My informant stated that a W/M by the name of Martin Baxter was selling cocaine from his house located at 127 William. My informant stated that Martin has been arrested in the past for drug charges. My informant told me that within the past 48 hrs. he/she had been to 127 William and while there observed Martin sell some Cocaine to white male unknown to him/her. My informant said that he/she saw plenty. My informant also said that Marti has delivered drugs in his truck in the past week. My informant said that Marti's Phone # is 89 ____. All of the above happened in Louisville, Jefferson Co. Ky.

Acting on the information received Affiant conducted the following independent investigation. Det. Got description of residence. The address of 127 William comes listed to a Martin A. Baxter. Ky lic # HNO-543 is registered to a Martin A. Baxter at 127 William on a 1972 Datsun Pick-up truck. Arrest records were checked and a Martin A. Baxter was arrested on 12-1-79 for illegal possession of narcotics. The phone number 8932834 is listed to a Martin and Kathy Baxter at 127 William. Det. set up surveillance and noticed no unusual traffic.

KRS 218A.260 referred to specifically by Reed sets out:

In any preliminary hearing, criminal trial, or other criminal proceeding involving an alleged violation of the controlled substance laws or regulations, evidence of information communicated to a peace officer by a confidential informant who is not a material witness to the guilt or innocence of the accused of the offense charged, shall be admissible on the issue of reasonable cause to make an arrest or search without requiring that the name or identity of the informant be disclosed if the judge is satisfied, based upon evidence produced in open court out of the presence of the jury, that such information was received from a reliable informant and in his discretion does not require such disclosure. (Emphasis added.)

The investigation confirmed that Baxter probably lived at the address given by the informant; that he owned the vehicle described and had a listed phone number in his name, and has a seven year old arrest record for illegal possession of narcotics. Brief surveillance of the residence revealed nothing further.

In his memorandum opinion on defendant's motion to suppress the district court found, among other things;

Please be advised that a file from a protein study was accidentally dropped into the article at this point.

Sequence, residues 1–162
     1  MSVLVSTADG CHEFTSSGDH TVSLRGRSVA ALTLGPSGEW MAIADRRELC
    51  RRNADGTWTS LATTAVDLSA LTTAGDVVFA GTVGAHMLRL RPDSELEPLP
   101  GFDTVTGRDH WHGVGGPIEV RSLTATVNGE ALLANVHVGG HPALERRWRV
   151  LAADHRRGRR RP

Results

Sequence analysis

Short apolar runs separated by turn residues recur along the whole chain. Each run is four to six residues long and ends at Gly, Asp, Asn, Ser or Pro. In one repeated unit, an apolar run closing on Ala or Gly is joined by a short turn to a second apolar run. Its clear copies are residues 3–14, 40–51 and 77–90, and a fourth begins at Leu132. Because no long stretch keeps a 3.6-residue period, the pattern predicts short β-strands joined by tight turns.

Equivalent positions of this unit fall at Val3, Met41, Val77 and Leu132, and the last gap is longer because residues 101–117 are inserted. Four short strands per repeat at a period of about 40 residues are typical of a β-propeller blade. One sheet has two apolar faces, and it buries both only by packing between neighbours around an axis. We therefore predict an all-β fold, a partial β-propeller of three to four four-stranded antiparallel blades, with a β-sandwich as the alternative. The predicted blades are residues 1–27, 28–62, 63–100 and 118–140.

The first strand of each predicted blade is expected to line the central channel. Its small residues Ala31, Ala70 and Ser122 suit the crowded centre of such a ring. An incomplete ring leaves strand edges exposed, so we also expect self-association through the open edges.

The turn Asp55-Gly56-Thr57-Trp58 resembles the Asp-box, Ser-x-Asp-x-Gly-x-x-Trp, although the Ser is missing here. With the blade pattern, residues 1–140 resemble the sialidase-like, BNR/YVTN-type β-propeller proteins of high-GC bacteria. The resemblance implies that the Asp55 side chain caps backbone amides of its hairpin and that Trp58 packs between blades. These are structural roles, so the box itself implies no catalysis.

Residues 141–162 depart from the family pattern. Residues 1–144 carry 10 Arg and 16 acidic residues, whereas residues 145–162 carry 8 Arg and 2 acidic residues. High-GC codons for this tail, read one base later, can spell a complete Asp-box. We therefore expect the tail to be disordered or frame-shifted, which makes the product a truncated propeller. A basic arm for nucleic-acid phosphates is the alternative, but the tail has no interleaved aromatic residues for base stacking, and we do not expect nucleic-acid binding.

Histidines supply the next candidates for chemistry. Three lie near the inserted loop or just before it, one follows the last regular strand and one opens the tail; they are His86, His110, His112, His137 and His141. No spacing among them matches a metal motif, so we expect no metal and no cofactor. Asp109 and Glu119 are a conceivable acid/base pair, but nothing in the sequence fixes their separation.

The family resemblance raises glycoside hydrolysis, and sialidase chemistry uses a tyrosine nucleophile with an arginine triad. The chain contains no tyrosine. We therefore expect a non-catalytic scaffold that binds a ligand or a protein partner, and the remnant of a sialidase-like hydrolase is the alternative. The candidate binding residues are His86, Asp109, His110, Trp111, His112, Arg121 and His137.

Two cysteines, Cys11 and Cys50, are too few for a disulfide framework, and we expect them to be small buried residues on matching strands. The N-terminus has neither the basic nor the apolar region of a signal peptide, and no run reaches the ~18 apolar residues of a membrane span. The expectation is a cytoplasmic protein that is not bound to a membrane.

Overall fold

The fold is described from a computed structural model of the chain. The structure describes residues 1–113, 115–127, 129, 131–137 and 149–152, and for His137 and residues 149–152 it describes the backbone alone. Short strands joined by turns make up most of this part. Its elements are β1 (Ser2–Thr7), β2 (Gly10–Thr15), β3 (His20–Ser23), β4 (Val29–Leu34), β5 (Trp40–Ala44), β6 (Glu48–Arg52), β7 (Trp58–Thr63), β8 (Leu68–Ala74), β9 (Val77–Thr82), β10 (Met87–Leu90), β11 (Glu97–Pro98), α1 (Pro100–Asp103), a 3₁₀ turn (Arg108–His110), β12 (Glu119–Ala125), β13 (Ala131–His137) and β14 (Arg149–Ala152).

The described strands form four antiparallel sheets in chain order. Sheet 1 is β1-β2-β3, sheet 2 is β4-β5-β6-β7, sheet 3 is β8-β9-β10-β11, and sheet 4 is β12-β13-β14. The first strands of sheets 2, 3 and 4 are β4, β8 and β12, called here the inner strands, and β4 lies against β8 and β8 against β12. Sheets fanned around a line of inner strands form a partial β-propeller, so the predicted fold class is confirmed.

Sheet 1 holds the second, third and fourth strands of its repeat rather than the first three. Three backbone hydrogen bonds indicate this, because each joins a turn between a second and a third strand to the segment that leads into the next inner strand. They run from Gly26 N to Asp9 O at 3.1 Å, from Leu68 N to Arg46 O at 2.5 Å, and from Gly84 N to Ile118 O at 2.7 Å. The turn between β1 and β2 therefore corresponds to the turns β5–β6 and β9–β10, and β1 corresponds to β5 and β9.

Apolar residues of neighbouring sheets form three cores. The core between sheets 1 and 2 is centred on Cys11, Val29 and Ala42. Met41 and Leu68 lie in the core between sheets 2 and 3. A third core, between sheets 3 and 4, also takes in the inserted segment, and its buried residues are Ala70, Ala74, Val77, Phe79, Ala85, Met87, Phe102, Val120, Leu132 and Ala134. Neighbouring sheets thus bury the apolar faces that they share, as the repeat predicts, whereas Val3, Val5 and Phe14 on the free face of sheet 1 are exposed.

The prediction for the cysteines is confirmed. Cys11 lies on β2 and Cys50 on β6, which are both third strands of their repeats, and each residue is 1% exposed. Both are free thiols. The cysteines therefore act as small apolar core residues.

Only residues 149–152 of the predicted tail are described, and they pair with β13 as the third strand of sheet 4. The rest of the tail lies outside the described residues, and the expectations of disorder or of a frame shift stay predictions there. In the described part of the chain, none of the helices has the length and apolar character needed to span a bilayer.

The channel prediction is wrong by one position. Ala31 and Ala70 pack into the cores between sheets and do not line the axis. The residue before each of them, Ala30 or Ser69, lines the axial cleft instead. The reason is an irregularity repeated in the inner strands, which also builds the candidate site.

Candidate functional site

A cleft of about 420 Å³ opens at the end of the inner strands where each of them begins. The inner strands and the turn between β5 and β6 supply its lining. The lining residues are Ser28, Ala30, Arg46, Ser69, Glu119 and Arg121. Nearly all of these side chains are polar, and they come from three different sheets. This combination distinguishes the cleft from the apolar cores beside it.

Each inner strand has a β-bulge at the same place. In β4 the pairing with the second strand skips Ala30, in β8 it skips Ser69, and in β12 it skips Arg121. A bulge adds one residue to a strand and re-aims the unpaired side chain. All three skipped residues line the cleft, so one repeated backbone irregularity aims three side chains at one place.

1. That the `confidential informant' was an anonymous phone caller.

2. Detective Reed [who obtained the warrant] executed the warrant.

3. This paucity of material [resulting from the brief investigation] does not establish the reliability of the informant.

4. The caller had not provided past reliable information.

5. The information provided is the sort ascertainable by any citizen, with the possible exception of the defendant's prior drug-related arrest.

6. More police work was called for in this case prior to requesting the warrant.

7. The warrant was not prepared under such immediacy as might justify presenting the judge with a minimal affidavit.

Based on these findings concerning the warrant, the district court then concluded that "the Jefferson District Court Judge did not have a substantial basis for concluding that probable cause existed, and the warrant is, therefore, invalid." To this point of the district court opinion we find ourselves in agreement that "the affidavit falls short of that which is required under the Gates totality of the circumstances test." The police officer unfortunately misrepresented the nature and character of the source of information to the issuing magistrate, who testified that had he been made aware that the information related came from an anonymous tipster, "In that type situation, I generally . . . examine it more closely for independent verification. The weaker the ability to produce the individual, the stronger the independent verification needs to be." He opined that under the circumstances brought out subsequently, "Quite frankly, I probably would have issued it."

Illinois v. Gates, 462 U.S. 213, 103 S.Ct. 2317, 76 L.Ed.2d 527 (1983).